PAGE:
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The (unofficial) blog of the BCLA Information Policy Committee
CIHR, the Canadian Institutes for Health Research, has been a national (and, in some regards, international) leader in the development and promotion of open access (OA) to research outputs, including peer-reviewed articles. However, the future of CIHR’s leadership in the area of public access to publicly-funded research is in question. After forging new ground with a research access policy requiring OA within 6 months of publication of research results, the CIHR had a strange kerfuffle in 2011 in which they rolled out and then rolled back an open data policy (see this and subsequent blog posts for more info).
In this week’s CIHR funding news, they have renamed the “Policy on Access to Research Outputs” the “Open Access Policy” and extended the embargo period from 6 months to the NIH-standard 12 months. While I understand that the NIH, being the largest biomedical research funder in the world, effectively set the industry standard at 12 months with their own policy (rolled out after the CIHR policy), the CIHR requiring 6 months gave researchers a leg to stand on when negotiating a shorter embargo period with publishers. While standard journal publishing contracts in biomedicine allow public archiving after 1 year, the argument that a contract must be modified because “my federal funder requires this after 6 months” was rarely denied (<–statement based on anecdata, but I do not know of any higher form of evidence regarding this question; if you do let me know).
Not only has CIHR removed this leverage to provide more timely public access to Canadian researchers’ outputs, they have failed to couple it with the strength of the NIH policy — a requirement for immediate deposit (with optional delayed public access) in PubMed Central. Without this requirement for immediate (upon acceptance for publication) deposit, few researchers will remember to go back and deposit their article draft a year later when the OA requirement goes into effect. There is still no known process for auditing compliance with this policy, nearly 5 years after it originally went into effect.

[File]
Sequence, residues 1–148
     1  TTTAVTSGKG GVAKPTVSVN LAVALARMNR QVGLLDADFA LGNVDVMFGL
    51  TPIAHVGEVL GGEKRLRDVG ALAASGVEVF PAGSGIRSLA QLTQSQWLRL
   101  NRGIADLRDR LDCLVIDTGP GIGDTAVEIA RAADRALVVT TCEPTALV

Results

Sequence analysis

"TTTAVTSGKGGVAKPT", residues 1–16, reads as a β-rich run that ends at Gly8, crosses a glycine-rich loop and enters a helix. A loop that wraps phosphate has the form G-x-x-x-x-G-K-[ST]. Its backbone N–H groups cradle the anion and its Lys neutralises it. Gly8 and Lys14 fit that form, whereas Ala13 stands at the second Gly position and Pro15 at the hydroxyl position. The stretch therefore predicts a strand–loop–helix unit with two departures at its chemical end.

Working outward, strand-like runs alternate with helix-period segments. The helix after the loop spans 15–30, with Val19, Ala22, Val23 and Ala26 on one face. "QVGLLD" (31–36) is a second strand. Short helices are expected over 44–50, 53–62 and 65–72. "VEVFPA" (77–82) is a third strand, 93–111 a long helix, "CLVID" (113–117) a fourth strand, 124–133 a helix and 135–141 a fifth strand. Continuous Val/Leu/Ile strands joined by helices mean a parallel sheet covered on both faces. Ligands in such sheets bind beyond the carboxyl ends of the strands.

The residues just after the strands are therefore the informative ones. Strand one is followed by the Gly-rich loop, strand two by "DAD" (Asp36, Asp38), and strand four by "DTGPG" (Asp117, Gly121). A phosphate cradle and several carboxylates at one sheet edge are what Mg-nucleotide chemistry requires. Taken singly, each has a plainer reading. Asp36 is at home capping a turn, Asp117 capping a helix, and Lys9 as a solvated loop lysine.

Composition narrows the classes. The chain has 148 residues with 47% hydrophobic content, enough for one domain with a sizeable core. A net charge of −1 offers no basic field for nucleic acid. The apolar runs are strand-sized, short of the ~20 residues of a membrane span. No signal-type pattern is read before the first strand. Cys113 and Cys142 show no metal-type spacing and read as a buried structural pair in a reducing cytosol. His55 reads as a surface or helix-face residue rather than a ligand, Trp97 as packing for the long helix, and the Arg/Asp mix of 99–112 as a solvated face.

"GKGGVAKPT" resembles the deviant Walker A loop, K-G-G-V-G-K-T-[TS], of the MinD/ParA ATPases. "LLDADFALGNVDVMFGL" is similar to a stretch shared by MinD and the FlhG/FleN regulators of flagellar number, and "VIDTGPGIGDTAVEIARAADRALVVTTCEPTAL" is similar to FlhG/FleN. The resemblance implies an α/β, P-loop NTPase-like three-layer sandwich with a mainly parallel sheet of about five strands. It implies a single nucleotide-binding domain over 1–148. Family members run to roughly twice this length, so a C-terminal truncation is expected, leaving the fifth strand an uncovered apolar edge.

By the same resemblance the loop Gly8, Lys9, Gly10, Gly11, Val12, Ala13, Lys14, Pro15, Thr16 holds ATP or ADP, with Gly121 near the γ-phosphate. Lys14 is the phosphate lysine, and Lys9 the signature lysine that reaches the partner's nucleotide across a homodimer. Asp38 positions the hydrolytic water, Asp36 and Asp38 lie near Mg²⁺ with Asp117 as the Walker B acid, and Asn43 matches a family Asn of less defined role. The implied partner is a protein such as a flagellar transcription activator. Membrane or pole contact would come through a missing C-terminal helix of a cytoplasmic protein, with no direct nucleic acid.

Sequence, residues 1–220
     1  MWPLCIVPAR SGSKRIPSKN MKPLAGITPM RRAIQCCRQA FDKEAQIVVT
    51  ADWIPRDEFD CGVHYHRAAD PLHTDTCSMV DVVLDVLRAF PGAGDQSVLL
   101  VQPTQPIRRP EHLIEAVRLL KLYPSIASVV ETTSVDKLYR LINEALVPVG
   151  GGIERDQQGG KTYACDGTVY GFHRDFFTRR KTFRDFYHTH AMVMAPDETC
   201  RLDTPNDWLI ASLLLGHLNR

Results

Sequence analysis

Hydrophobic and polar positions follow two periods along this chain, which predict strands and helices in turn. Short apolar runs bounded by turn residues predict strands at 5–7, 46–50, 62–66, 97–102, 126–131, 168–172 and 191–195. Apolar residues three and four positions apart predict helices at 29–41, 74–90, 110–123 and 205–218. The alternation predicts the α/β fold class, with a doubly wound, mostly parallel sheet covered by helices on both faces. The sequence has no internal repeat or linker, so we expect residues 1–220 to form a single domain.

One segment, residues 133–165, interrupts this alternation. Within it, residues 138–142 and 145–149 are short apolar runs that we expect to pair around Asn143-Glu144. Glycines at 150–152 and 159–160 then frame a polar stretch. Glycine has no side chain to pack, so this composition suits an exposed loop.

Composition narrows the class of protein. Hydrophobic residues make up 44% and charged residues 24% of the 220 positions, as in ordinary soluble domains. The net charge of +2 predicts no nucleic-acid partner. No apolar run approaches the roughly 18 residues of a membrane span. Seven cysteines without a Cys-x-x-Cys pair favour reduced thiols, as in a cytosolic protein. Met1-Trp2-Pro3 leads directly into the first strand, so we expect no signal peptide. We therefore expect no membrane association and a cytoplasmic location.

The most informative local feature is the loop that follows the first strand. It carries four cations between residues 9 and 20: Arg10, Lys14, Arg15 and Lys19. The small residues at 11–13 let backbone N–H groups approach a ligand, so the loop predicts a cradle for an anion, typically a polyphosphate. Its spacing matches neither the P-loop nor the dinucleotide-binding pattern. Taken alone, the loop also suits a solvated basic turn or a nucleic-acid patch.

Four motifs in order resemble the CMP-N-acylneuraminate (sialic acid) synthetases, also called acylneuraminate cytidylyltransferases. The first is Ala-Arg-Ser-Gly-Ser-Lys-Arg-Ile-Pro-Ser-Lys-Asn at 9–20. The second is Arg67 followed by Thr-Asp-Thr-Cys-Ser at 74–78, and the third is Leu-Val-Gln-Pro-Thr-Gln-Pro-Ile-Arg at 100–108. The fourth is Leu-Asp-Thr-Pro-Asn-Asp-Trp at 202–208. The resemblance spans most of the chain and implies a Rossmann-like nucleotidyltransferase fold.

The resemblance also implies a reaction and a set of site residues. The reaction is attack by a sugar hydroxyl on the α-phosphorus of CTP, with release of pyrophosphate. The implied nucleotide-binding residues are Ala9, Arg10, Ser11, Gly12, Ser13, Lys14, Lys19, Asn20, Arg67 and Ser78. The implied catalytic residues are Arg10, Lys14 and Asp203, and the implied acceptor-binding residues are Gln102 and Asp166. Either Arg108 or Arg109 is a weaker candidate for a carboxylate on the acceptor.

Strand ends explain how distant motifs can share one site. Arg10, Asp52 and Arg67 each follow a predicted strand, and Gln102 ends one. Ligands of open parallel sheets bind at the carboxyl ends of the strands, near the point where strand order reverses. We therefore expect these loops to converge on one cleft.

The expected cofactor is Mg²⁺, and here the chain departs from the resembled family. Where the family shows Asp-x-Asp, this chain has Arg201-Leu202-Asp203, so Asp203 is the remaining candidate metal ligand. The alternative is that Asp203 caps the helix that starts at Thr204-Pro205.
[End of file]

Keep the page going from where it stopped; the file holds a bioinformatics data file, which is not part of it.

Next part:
This is another disappointing development from a tri-council funder that used to be a clear leader in OA. If anyone has any further information on the process of revising this policy, I’d love to hear about it.
(Disclosure: I and many of my colleagues are and have previously been funded by CIHR. I am currently a CIHR Vanier Scholar.)
Actual CIHR “Funding news” snippet follows:
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3) Application and Funding Policies
a) Update to the CIHR Open Access Policy
Starting January 2013, CIHR-funded researchers will be required to make their peer-reviewed publications freely accessible within 12 months of publication – at the latest. Amendments to the CIHR Open Access Policy, formerly known as the Policy on Access to Research Outputs, modify current requirements to provide the public with freely accessible research articles while aligning with other major funding agencies, such as the US National Institutes of Health. Researchers can comply with the green open access policy by depositing the articles in an archive, such as PubMed Central Canada or an institutional repository, and/or by publishing results in an open access journal.
While the CIHR Open Access Policy provides researchers with clear guidance on CIHR’s minimum expectation, in the spirit of public benefits of research, CIHR continues to encourage researchers to make their publications accessible for free as soon as possible after publication. Compliance with the policy will continue to be monitored through end of grant reporting.
The revised Open Access Policy is available online:
For further information, please contact email@example.com.